The Problem With
"Intensive Gardening"

Old-time gardeners did not plant their crops close together like shown in this picture. Why not? Because Intensive gardening requires a lot of water and energy inputs.

Many gardeners are attracted to the idea of planting their vegetables close together in raised beds, as explained in the popular book by John Jeavons, How to Grow More Vegetables Than You Ever Thought Possible on Less Land Than You Can Imagine. There are internet web sites that promote this gardening approach with beautiful pictures of dense plantings, like shown above. But there is a drawback to this way of gardening.... it requires a LOT of water input. 

If you have the water to spare, and the mechanical systems to deliver it properly, that's fine. But mechanical systems are costly and  fossil-fuel dependent. Furthermore, in the event of "hard times," fossil-fuel-dependent watering systems may not be available. That being the case, many people are reconsidering the intensive approach to planting and gardening. They are returning to more traditional gardening methods that do not require intensive irrigation.

Gardeners of the past knew how to grow gardens without the need for massive amounts of artificial irrigation. Steve Solomon is an advocate of such traditional gardening methods. If you would like to know more about this older wisdom, you can learn a lot from the following two articles, which are an online version of Steve Solomon's book, Gardening Without Irrigation: or without much, anyway.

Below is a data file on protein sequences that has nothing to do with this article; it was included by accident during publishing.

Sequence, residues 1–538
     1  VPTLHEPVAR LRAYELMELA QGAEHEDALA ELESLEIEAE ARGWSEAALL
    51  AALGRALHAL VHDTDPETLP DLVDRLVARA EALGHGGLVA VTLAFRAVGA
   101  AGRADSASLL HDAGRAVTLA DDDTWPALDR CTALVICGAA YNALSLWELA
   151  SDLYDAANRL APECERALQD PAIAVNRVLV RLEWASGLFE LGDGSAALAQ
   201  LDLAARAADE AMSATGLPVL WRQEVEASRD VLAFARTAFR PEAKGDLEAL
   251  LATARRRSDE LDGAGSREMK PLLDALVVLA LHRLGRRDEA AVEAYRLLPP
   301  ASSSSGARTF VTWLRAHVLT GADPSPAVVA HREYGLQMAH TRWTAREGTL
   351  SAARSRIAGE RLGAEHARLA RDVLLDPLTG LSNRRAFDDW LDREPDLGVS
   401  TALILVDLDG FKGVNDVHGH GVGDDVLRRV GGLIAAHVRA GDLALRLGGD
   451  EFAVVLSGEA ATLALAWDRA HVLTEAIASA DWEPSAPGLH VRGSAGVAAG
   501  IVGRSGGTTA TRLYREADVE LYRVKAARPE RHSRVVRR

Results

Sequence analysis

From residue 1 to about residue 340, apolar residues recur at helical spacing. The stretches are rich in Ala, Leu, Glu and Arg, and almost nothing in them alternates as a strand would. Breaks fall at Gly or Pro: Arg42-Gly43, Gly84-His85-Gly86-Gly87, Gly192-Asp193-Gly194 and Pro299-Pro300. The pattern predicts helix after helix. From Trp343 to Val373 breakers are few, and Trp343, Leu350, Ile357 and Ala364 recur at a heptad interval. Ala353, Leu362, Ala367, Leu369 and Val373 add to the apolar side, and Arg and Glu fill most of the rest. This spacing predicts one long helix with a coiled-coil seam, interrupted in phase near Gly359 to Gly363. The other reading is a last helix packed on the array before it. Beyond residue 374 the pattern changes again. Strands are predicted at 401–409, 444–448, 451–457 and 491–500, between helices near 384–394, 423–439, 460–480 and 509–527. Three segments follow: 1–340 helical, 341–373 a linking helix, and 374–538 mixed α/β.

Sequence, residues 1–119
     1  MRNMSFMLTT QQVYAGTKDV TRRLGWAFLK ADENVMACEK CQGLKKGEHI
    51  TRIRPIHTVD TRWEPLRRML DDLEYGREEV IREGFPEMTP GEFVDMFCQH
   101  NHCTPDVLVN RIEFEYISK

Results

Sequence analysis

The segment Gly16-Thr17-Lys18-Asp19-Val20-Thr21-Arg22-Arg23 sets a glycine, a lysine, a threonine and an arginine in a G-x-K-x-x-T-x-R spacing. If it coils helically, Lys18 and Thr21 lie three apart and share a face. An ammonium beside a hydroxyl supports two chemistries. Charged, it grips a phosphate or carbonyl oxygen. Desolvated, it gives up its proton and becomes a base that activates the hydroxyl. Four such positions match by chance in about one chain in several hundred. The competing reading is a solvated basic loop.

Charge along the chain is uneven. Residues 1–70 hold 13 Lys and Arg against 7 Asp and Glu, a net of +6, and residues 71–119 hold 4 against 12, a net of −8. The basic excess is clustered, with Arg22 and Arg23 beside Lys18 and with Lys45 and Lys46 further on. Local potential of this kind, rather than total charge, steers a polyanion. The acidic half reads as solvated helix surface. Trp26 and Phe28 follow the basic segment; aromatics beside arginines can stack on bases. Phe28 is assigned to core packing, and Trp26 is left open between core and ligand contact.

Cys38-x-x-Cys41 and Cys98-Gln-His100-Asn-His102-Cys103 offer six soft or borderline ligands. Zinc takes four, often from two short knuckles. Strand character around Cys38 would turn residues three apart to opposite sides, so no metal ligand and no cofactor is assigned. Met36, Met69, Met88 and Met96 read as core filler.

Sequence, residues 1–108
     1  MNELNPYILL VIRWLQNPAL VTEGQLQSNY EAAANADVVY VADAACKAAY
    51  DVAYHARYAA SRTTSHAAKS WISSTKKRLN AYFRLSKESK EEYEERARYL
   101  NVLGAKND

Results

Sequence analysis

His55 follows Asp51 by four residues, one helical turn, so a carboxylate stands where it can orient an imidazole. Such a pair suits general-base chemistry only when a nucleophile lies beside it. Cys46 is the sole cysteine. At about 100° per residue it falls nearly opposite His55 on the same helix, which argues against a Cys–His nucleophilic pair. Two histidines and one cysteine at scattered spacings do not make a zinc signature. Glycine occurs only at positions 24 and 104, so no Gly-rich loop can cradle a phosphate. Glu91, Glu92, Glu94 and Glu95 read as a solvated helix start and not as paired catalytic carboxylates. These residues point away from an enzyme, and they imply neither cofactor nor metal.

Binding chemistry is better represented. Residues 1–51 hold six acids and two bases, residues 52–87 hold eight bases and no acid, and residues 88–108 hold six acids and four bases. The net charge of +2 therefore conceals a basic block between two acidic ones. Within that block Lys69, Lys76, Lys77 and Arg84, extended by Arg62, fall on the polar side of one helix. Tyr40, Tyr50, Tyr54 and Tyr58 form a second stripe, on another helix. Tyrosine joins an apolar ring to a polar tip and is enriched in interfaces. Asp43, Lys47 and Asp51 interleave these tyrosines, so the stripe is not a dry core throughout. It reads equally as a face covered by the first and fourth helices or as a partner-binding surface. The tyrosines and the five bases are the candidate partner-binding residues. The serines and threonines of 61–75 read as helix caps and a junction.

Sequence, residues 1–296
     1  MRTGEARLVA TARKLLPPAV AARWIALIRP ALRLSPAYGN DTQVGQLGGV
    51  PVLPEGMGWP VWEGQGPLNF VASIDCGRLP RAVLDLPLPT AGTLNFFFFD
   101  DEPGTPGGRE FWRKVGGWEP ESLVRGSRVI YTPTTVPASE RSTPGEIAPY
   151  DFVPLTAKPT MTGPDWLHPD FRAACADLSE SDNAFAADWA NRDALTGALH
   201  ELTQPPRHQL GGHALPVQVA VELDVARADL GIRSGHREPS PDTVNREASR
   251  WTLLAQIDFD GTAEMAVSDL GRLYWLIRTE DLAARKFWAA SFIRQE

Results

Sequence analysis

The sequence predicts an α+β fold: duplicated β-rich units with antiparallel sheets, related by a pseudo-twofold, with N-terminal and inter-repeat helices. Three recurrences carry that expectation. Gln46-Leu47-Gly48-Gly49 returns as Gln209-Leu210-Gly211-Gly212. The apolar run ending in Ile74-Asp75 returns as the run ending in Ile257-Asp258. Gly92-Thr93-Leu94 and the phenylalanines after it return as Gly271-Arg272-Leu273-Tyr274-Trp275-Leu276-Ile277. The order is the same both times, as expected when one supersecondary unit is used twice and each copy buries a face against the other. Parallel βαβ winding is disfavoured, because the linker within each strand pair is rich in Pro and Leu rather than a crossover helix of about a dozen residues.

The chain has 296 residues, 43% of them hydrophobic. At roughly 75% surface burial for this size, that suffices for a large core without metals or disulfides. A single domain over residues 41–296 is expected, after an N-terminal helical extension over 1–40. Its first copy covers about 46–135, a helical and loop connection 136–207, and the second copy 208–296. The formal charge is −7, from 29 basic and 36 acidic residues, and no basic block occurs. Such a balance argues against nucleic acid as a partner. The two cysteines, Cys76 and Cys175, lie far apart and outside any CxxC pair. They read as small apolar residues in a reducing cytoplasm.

Gardening Without Irrigation: or without much, anyway..... Part 1

Gardening Without Irrigation: or without much, anyway..... Part 2

Note: If you have an Amazon Kindle, you can also download the book for FREE. Click Here to get the Kindle download.


The subject of using a fertigation bucket on certain garden plants is discussed throughout the Gardening Without Irrigation book. Here is an excerpt:

Plants That Like Fertigation
Brussels sprouts, Kale, Savoy cabbage, Cucumbers, Melons, Squash, Eggplant, Peppers, Tomatoes.

Fertigation every two to four weeks is the best technique for maximizing yield while minimizing water use. I usually make my first fertigation late in June and continue periodically through early September. I use six or seven plastic 5-gallon "drip system" buckets, set one by each plant, and fill them all with a hose each time I work in the garden. Doing 12 or 14 plants each time I'm in the garden, it takes no special effort to rotate through them all more or less every three weeks.

To make a drip bucket, drill a 3/16" hole through the side of a 4-to-6-gallon plastic bucket about 1/4" up from the bottom, or in the bottom at the edge. The empty bucket is placed so that the fertilied water drains out close to the stem of the plant. It is then filled with liquid fertilizer solution. It takes 5 to 10 minutes for 5 gallons to pass through a small opening, and because of the slow flow rate, water penetrates deeply into the subsoil without wetting much of the surface.

Each fertigation makes the plant grow very rapidly for two or three weeks, more I suspect as a result of improved nutrition than from added moisture. Exactly how and when to fertigate each species is explained in Chapter 5.